Recent reports from Data Center Knowledge (datacenterknowledge.com), an IT industry journal highlighting thought leadership in the data center arena, address the current challenges to Data Center Management in the advent of disruptive trends, specifically Virtualization and Cloud Services. Decidedly innovative, and promising incomparable process advancements, the integration and application of these spaces nonetheless requires adaptive and agile development and deployment measures in order to maintain and ultimately improve availability in increasingly dense computing environments.
Featured writer Peter Panfil, Vice President & General Manager at Emerson Network Power’s Liebert AC Power business, has over 30 years of experience in embedded controls and power. He currently leads the company’s global market and product development division. In his most recent Industry Perspectives report, Mr. Panfil reiterates the now widely held perception that cloud computing has benefits that can’t be ignored, such as the delivery of infrastructure as a service, support for massive sharing, flexibility, and productivity savings, to name just a few. However, Mr. Panfil identifies what he considers a presiding problem in the current cloud computing applications space: weekly media headlines of high-profile outages at data centers that host these sites. A regular interval of such incidents illustrates a general problem—power was and is and shall likely remain a central component of data center management; control, maintenance, handling of power must be given top priority. In the cloud, however, such issues are virtually uncontrollable (at least until an enterprise has developed the requisite understanding, strategy-build, deployment and management regulations for cloud-specific and virtualized spaces.) For now, in most cases, cloud users are inextricably bound to the provider’s level of infrastructure, agility capability, and data management dynamics. And cloud users are completely tied to the provider’s availability.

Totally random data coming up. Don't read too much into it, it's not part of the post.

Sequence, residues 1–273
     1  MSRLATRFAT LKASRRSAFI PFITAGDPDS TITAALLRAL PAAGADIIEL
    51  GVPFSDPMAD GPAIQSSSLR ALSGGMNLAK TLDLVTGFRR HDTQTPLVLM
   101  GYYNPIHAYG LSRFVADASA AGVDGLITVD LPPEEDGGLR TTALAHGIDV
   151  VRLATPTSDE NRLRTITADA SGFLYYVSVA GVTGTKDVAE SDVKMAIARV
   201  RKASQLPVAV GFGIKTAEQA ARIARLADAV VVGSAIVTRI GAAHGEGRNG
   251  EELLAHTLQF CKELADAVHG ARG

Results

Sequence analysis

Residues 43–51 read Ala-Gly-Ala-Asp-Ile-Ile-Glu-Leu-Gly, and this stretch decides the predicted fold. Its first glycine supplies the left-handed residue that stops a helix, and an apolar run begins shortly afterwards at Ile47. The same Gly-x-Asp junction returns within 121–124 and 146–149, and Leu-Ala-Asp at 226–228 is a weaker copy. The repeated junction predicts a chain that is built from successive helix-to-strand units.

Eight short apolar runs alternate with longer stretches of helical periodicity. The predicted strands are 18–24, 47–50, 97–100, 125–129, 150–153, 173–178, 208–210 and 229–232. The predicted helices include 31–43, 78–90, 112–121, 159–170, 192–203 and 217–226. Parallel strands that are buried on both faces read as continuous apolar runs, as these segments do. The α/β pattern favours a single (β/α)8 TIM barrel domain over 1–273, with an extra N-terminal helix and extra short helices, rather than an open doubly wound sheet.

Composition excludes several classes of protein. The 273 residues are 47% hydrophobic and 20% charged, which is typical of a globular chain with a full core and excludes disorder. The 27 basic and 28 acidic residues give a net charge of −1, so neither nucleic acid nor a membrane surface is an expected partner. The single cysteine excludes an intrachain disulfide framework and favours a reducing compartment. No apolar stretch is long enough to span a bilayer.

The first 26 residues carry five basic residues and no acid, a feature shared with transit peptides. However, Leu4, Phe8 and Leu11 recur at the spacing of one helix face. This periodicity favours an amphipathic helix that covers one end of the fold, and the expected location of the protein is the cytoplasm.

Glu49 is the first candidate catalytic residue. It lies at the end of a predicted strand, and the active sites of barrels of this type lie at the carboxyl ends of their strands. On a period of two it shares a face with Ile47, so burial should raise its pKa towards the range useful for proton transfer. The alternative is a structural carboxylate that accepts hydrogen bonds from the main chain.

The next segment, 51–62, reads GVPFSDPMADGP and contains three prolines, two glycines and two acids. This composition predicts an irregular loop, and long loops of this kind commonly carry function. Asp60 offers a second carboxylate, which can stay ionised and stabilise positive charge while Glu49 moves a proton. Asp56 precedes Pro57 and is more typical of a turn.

The report also identifies Virtualization as a valuable tool that affords the established functionality of an enterprise the ability to run multiple virtual machines on a single physical piece of equipment, sharing the resources of that computer across multiple environments. Virtualization consistently improves the efficiency and availability of organizational resources and applications in a quantifiable, and in some cases, dramatic fashion, Mr. Panfil observes. However, virtualization also increases the utilization rate of the server, especially in blade server architecture. Such an impact on the power delivery systems is notable. With applied virtualization, for example, the ease with which resources are able to move from a low-density to high-density power application is significant. By virtualizing, for instance, a single-phase circuit at 15-20 amperes, the utilization rate increases, as does the potential need to deliver more power to that application. This condition might well demand a push to a high-density power application. Before the adoption of virtualization, servers typically operate at a 10-20 percent utilization rate, reports show. Post-virtualization, they run at 60, 70 and even 80 percent. When servers are amped up to those rates, use of all the compute power available for consumption makes for an optimally cost-effective usage standard for that compute power; but there are infrastructural impacts. For example, if you have been using only 200-300 watts of a 500-watt server, then ramp it up to capacity, along with the rest of the 500-watt servers in the rack, the rack gets hotter due to the increased power draw. Thus, it becomes necessary to review the cooling strategy in efforts to obviate server problems and regulate power.